Self-awareness is also about recognizing emotions when they arise, rather than misidentifying or ignoring them. Emotionally intelligent people take a step back from their emotions, look at what they’re feeling, and examine the effect that the emotion has on them.
6. You can get along with most people.
“Having fulfilling, effective relationships — that’s a sign [of emotional intelligence],” says Goleman.
7. You care deeply about being a good, moral person.
One aspect of emotional intelligence is our “moral identity,” which has to do with the extent to which we want to see ourselves as ethical, caring people. If you’re someone who cares about building up this side of yourself (regardless of how you’ve acted in past moral situations), you might have a high EQ.
8. You take time to slow down and help others.
If you make a habit of slowing down to pay attention to others, whether by going slightly out your way to say hello to someone or helping an older woman onto the subway, you’re exhibiting emotional intelligence. Many of us, a good portion of the time, are completely focused on ourselves. And it’s often because we’re so busy running around in a stressed-out state trying to get things done that we simply don’t take the time to notice (much less help) others.
“[There’s a] spectrum that goes from complete self-absorption to noticing to empathy and to compassion,” Goleman said in a TED talk on compassion. “The simple fact is that if we are focused on ourselves, if we’re preoccupied — which we so often are throughout the day — we don’t really fully notice the other.”
Being more mindful, in contrast to being absorbed in your own little world, plants the seeds of compassion — a crucial component of EQ.
9. You’re good at reading people’s facial expressions.
Being able to sense how others are feeling is an important part of having a good EQ.
10. After you fall, you get right back up.
How you deal with mistakes and setbacks says a lot about who you are. High EQ individuals know that if there’s one thing we all must do in life, it’s to keep on going. When an emotionally intelligent person experiences a failure or setback, he or she is able to bounce back quickly. This is in part because of the ability to mindfully experience negative emotions without letting them get out of control, which provides a higher degree of resilience.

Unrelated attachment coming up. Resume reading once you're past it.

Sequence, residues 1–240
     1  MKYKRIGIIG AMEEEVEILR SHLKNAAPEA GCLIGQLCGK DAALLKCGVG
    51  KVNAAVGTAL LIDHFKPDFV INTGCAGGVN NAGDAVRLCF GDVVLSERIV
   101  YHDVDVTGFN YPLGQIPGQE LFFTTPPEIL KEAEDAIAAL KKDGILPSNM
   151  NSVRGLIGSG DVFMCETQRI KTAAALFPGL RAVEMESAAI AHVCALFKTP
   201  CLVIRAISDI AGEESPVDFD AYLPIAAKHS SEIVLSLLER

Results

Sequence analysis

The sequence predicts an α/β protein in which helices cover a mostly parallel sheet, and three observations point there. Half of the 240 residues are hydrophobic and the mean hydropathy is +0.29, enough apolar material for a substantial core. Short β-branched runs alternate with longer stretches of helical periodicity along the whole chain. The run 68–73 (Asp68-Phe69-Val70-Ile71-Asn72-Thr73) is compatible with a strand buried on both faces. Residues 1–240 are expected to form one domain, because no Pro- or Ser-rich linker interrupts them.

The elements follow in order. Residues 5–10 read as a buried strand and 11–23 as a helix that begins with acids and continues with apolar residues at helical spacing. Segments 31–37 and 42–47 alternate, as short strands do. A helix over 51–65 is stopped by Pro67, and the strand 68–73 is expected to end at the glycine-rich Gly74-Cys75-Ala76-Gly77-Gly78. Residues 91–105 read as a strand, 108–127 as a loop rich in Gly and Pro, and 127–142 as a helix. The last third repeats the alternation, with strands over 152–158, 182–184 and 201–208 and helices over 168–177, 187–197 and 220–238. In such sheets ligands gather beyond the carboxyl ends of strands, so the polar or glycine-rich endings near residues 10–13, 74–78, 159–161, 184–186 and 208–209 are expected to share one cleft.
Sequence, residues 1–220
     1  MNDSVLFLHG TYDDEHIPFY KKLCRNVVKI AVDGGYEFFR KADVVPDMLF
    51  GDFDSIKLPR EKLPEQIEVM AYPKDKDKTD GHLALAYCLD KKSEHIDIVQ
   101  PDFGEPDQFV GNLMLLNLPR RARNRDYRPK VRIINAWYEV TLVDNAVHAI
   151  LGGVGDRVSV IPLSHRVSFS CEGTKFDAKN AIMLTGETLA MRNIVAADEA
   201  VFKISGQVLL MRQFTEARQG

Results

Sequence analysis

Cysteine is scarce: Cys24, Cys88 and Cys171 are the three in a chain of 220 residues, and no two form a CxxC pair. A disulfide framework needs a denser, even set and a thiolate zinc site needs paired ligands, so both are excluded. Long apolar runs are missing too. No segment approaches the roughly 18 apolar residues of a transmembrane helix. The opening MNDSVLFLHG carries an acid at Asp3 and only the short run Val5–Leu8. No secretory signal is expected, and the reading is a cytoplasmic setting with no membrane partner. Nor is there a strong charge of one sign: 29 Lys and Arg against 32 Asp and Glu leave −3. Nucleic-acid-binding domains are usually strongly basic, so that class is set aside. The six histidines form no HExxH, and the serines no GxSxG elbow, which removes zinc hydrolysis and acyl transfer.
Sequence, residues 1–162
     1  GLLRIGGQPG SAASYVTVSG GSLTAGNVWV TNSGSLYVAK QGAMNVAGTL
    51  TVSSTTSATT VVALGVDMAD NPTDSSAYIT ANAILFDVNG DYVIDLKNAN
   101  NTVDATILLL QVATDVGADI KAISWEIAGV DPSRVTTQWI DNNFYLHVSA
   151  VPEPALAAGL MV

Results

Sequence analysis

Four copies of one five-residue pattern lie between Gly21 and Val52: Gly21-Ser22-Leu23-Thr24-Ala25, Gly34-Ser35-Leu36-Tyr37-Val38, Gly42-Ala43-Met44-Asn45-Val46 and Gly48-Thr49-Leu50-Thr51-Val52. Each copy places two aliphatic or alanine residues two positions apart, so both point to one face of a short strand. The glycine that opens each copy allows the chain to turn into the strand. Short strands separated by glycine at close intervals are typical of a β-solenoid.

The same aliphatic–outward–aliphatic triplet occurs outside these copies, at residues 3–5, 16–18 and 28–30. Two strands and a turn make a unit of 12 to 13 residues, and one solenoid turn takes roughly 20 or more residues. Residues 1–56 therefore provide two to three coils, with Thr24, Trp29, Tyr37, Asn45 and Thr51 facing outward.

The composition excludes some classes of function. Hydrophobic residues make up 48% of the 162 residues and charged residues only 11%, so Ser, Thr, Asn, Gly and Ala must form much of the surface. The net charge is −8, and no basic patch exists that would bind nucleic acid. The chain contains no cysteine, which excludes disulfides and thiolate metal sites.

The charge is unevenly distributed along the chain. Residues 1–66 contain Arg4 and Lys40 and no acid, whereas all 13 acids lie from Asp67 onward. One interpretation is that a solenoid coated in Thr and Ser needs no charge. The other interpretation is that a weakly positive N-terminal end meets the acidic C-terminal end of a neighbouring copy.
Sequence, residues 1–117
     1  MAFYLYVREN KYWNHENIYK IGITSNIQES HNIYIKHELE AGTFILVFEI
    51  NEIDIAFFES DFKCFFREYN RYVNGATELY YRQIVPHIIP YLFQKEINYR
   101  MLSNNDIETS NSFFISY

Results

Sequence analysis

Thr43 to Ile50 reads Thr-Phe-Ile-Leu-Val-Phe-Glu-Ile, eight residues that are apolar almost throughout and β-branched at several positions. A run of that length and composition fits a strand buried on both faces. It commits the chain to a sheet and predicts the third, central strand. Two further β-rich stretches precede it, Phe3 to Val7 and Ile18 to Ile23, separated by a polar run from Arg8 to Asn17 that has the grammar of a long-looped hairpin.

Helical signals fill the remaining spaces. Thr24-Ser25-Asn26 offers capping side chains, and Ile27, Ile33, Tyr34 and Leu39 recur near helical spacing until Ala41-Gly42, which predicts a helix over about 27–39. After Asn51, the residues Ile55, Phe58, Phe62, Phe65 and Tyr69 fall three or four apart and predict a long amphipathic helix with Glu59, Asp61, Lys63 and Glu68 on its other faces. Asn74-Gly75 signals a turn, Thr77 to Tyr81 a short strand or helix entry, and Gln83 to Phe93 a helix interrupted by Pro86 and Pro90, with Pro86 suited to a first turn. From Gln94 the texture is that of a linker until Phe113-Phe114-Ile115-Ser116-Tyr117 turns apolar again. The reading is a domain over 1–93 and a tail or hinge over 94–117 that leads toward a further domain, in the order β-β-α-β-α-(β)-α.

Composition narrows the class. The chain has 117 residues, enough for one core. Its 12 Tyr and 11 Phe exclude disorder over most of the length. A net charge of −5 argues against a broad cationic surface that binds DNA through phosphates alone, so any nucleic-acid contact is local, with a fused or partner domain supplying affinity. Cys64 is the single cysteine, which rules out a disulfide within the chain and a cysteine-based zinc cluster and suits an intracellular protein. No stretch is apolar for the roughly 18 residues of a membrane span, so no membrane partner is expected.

11. You’re a good judge of character.
You’ve always been able to get a sense for who someone is pretty much right off the bat — and your intuitions are rarely wrong.
12. You trust your gut.
An emotionally intelligent person is someone who feels comfortable following their intuition, says Goleman. If you’re able to trust in yourself and your emotions, there’s no reason not to listen to that quiet voice inside (or that feeling in your stomach) telling you which way to go.
13. You’ve always been self-motivated.
Were you always ambitious and hard-working as a kid, even when you weren’t rewarded for it? If you’re a motivated self-starter — and you can focus your attention and energy towards the pursuit of your goals — you likely have a high EQ.
14. You know when to say “no.”
Self-regulation, one of the five components of emotional intelligence, means being able to discipline yourself and avoid unhealthy habits. Emotionally intelligent people are generally well equipped to tolerate stress (a bad-habit trigger for many of us) and to control their impulses, according to Goleman.
Each of us is a little different in we best receive information. Some people might respond better to sight, sound, or touch. Your partner’s responses may be different from yours. Take some time to learn your partner’s cues, and be sure to communicate your own as well. For example, one person might find a brief massage after a stressful day a loving mode of communication—while another might just want to talk over a hot cup of tea.
Question your assumptions
If you’ve known each other for a while, you may assume that your partner has a pretty good idea of what you are thinking and what you need. However, your partner is not a mind reader. While your partner may have some idea, it is much healthier to directly express your needs to avoid any confusion. Your partner may sense something, but it might not be what you need. What’s more, people change, and what you needed and wanted five years ago, for example, may be very different now. Getting in the habit of expressing your needs helps you weather difficult times, which otherwise may lead to increasing resentment, misunderstanding, and anger.